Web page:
In the 12 Step mythology, one must reach “rock bottom” before one can “recover.” But the truth is that there is no rock bottom. As bad as you feel, it almost certainly will get worse. All that happens is that you get better at dealing with it. Depression and despair become decoupled.

I remember one of Vincent van Gogh’s last letters to Theo where he noted that he could get some canvases and paint and do some work, but comments what would be the point. I’ve misinterpreted that comment however, thinking that it came right before van Gogh’s suicide. But it didn’t. After writing that, he did get some canvases and paints and did continue on. In fact, he appears to have shot himself while painting.

Anyway, we continue on. Artists whine for us because it is certainly true that no one is interested in hearing us whine. Everybody’s got their troubles. And everybody thinks theirs are as bad as they get. Don’t make that mistake.

Afterword

I couldn’t find a good copy of the album version. The change of “I wear this crown of shit” to “I wear this crown of thorns” is pretty much unforgivable. It trivializes everything else in the song. Sorry about that.

Nobody Knows the Trouble I’ve Seen

Slaves - Nobody Knows the Trouble I've SeenYesterday I was feeling kind of sorry for myself and started singing “Nobody Knows the Trouble I’ve Seen.” Now, I feel kind of bad about that. After all, I’ve lived a pretty charmed life. Sure, I’ve seen a lot of trouble, but it’s almost entirely my own damned fault. Just the same, relative suffering is worse than absolute suffering. Think of Richard Wilkinson’s work on inequality and how relative inequality is the killer. So I think I can be allowed my meta-grumbles.

I hardly have a good voice for “Nobody Know the Trouble I’ve Seen.” So I went on YouTube to find some performances of it. The song itself dates back to at least the middle of the 19th century — and could be much older than that. It does seem a natural song to come out of slavery.

Marian Anderson

By the early 20th century, the song had been co-opted by classical musicians of the time. And this resulted in Marian Anderson having the first really successful version of it. That was in 1924 when she was 27 years old. And she would live almost 70 years afterward.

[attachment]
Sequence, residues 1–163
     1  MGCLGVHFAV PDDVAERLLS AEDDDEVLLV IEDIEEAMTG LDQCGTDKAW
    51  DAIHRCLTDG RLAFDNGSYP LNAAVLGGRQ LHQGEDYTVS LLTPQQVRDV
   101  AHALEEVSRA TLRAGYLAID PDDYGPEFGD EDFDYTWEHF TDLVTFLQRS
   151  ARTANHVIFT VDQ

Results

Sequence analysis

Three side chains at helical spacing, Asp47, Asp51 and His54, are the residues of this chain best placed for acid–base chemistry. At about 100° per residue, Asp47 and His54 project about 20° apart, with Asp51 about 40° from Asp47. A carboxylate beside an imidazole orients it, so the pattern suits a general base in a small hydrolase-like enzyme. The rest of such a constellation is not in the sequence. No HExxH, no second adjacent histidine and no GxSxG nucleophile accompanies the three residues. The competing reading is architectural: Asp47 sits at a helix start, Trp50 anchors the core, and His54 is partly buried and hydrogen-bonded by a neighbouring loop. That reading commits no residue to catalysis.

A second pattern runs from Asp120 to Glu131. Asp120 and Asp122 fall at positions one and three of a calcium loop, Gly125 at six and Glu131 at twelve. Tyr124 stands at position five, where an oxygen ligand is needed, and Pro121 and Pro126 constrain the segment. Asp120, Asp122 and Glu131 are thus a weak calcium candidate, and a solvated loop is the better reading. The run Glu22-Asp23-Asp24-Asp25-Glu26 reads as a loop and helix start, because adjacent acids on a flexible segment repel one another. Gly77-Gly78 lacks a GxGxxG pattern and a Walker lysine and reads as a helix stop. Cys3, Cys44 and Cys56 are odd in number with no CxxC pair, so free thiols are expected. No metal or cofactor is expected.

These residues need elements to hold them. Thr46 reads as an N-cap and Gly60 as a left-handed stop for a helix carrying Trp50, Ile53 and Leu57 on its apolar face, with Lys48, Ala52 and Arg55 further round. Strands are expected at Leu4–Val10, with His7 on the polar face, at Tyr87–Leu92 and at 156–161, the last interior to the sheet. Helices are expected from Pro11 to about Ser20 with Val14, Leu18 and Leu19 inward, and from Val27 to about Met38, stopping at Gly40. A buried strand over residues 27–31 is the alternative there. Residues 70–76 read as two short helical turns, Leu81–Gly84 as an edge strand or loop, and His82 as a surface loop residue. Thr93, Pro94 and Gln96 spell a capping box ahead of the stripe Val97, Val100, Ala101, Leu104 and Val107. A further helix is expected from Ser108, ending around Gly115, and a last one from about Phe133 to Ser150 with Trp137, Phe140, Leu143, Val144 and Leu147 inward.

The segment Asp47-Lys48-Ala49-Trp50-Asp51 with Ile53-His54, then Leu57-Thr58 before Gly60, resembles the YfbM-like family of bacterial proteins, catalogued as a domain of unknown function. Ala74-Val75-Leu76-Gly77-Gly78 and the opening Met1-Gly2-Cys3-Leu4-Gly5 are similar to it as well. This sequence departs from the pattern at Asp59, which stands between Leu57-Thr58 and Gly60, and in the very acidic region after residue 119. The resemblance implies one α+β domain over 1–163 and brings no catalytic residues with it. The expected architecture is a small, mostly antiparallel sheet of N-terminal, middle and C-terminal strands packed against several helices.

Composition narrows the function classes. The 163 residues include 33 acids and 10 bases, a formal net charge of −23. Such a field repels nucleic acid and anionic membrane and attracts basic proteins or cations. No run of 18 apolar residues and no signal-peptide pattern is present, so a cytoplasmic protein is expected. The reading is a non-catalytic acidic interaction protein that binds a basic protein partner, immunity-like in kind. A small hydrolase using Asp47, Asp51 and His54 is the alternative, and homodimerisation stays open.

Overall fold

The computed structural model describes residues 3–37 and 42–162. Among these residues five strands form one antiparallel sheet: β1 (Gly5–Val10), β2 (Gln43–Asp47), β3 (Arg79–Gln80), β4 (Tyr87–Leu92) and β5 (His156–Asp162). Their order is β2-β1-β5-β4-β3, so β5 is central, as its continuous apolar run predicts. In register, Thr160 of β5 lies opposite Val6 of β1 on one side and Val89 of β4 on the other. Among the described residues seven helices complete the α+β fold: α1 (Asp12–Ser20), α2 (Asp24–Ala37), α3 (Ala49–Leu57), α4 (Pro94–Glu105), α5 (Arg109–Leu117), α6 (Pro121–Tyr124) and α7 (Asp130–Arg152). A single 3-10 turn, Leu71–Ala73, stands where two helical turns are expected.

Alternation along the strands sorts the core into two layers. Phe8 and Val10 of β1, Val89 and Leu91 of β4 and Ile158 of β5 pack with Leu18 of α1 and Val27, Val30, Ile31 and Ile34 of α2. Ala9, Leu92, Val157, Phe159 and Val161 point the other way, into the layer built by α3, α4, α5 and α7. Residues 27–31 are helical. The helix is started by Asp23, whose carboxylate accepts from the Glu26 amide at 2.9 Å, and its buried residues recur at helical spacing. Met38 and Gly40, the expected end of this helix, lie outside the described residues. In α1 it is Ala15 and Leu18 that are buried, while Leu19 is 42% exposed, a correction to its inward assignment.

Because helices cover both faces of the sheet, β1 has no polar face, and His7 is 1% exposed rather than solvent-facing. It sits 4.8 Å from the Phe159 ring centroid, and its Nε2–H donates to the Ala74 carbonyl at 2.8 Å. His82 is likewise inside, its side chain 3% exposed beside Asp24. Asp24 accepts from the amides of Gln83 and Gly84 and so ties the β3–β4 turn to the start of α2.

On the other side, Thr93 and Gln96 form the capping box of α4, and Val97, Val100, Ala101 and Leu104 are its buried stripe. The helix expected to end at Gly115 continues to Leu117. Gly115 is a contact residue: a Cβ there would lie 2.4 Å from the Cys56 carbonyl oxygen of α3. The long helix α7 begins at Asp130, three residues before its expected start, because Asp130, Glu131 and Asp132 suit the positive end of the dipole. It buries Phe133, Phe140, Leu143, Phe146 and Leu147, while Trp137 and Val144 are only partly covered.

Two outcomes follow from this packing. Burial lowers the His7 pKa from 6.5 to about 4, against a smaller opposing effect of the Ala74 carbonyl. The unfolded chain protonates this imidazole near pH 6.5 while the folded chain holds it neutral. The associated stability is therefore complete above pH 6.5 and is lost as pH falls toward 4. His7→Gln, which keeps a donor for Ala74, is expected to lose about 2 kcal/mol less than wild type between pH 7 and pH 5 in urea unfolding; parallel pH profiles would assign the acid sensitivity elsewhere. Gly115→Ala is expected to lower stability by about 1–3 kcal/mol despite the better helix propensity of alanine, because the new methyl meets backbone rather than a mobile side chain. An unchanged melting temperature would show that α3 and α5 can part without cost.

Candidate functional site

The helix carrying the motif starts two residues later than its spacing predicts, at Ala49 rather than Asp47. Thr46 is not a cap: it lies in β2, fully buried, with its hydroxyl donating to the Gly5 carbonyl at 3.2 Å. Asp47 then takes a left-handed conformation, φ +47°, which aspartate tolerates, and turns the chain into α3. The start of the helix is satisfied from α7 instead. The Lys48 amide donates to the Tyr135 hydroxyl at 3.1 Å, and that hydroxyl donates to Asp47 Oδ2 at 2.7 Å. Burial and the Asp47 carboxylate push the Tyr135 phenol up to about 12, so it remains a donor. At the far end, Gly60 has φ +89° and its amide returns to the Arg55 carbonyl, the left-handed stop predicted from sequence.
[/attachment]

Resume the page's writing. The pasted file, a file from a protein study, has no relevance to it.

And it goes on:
It’s a very restrained performance, focused on the music. What’s probably most interesting is that I always think of it as a song sung by a man. But that isn’t at all the case, as this version, and many others attest.

Paul Robeson

Two years later, Paul Robeson recorded the song. His deep bass voice is irresistible. Still, his performance is very similar to Anderson’s. It’s hardly surprising, however. Slavery was still a living memory. And it isn’t like life was that great for blacks then either.

Here is a later recording where his performance is more emotional and free:

Harry James

In 1941, trumpeter and bandleader Harry James recorded an instrumental version of the song. It’s good, but it is performed just as a tune. It’s very much in the style of Glenn Miller. One can almost imagine it accompanying a Looney Tunes cartoon.

Louis Armstrong

By the 1950s, the song seemed to be something different for everyone. Louis Armstrong recorded it in 1958. It’s kind of hard to know what to make of it. Armstrong was so idiosyncratic and so talented that he transcends everything. I’m not keen on the arrangement. And his spoken word segments would embarrass me if they were done by anyone else. But it’s just wonderful — joyous without losing the weariness of the song.

Sam Cooke

A couple of years later, Sam Cooke recorded the song in his own inimitable way. It is both rocking and sad. I don’t know. Cooke was such an amazing talent that it really is pointless to talk about. Just listen: